FIG. 6a is a partial cross sectional view of the miniature spring socket;
FIG. 7 is a perspective view of a ground strip;
FIG. 8 is a cross sectional view showing the ground strip in the connector.
FIG. 9 is a cross sectional view of an assembled connector according to the teachings of the present invention the section taken along the plane 9--9 as shown in FIG. 1 of the drawings.
FIG. 1 illustrates an electrical connector 10 of the current invention. The connector includes subassemblies 12a, 12b, 12c supported within a metallic outer shell 14. The connector 10 is configured with a plurality of apertures 16 the subassemblies 12a, 12b, 12c being adapted to be received within the apertures 16. A rear outer shell 15 is secured to the back of the outer shell 14 in a manner that is well known in the art. The shell 15 is secured by screws 17 and has an EMI gasket 13 secured between the rear outer shell 15 and the outer shell 14. The connector 10 has a mating surface 18 and a back surface 19.
For convenience and flexibility, the connector 10 is of modular construction. The outer shell 14 and the subassemblies 12a, 12b, 12c are manufactured in a variety of configurations. The connector 10 shown in FIG. 1 has three apertures 16 for supporting three subassemblies.
Other shell configurations may be provided to support one or any desired plurality of inserts, and it is not intended to limit the invention to any particular shell configuration. Similarly, in the embodiment illustrated in FIG. 1, insert configurations are shown which differ in the number, type and placement of their contacts. These are intended to be exemplary only, and it is also not intended to restrict the invention to any particular insert configuration.
The connector 10 has a plurality of contacts 20 within the subassemblies 12a, 12b, 12c. The contact 20 has a mating section 22, a securing section 24 with a shoulder 26, a tail section 28 which extends through the filtering devices, and a termination section 30 for electrical termination, see FIG. 3.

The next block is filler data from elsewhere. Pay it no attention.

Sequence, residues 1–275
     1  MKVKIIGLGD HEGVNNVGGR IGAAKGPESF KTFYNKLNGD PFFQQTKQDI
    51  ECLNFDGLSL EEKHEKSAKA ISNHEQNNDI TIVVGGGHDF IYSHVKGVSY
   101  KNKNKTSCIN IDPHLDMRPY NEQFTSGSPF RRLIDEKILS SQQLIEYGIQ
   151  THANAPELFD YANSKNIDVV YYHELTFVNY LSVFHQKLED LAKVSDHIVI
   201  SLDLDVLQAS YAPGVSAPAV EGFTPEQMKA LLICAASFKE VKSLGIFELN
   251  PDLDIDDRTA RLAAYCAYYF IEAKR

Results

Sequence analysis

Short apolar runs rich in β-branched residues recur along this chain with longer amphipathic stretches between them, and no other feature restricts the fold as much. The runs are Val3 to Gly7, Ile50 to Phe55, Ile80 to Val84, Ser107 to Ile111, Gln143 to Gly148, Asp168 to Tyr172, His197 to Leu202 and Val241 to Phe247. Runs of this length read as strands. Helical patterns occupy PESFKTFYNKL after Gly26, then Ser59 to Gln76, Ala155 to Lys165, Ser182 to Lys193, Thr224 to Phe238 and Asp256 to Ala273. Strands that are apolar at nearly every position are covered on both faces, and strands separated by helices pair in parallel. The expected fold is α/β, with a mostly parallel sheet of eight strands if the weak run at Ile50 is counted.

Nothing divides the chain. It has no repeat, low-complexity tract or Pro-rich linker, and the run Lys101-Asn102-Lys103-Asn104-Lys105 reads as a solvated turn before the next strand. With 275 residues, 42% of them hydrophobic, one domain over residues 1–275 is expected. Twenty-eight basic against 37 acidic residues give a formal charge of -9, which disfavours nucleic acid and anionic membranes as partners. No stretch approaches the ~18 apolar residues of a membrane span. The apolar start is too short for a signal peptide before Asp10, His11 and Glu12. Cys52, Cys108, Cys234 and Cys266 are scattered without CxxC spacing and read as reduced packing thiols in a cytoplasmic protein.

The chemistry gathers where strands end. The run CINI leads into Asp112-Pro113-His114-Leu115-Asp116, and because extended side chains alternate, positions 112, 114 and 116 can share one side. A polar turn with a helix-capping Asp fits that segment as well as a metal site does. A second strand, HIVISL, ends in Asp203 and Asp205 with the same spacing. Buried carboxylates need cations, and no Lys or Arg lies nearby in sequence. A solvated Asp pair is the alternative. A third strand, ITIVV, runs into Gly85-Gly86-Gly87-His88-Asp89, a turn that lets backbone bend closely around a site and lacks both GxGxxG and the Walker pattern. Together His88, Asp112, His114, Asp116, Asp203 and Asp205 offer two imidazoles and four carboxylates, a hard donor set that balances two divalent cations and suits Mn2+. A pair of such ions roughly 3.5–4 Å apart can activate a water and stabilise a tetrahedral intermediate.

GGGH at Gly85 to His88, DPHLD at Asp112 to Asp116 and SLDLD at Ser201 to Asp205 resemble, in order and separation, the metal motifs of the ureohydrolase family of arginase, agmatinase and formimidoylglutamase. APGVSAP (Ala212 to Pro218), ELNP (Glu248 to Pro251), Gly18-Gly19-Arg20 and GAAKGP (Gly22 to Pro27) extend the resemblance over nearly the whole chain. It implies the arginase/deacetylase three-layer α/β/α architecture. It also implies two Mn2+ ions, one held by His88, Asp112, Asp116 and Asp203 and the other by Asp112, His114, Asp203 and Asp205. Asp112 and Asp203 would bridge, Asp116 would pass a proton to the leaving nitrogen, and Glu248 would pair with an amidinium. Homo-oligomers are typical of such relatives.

Briefly, the connector 10 has a pi-type filter housed within the interior 21 of the rear shell 15. The subassembly has a forward housing 31 in which the contact is releasably secured; a first capacitor array 52, a dielectric housing 64 with ferrite beads 72, a second capacitor array 52, and a rear insert 76 which acts as a bottom cover.
Referring to FIGS. 2, 3 and 4 in greater detail, the subassembly 12 has a forward housing 31 which is made up of two housings 32, 33. Housing 32, 33 has a plurality of contact receiving apertures 35, 50 respectively, of which only one of each is shown in FIGS. 2, 3 and 4 for simplicity. Aperture 35 has a contact retaining clip 44 secured therein. The clip 44 is a cylindrical sleeve which is designed to be secured snugly within the aperture 35. The clip 44 has arms 48 which extend inwardly into the aperture and which are designed to engage shoulder 26 and secure the contact 20 within the aperture 35. After the retaining clip 44 is secured in aperture 35, the housings 32, 33 are bonded together to form the forward housing 31 which is then secured to the outer metal shell 14. In the preferred embodiment, aperture 35 has an enlarged portion along the back end 38. The enlarged portion forms a circular recess 42 along the back end of the forward housing 31.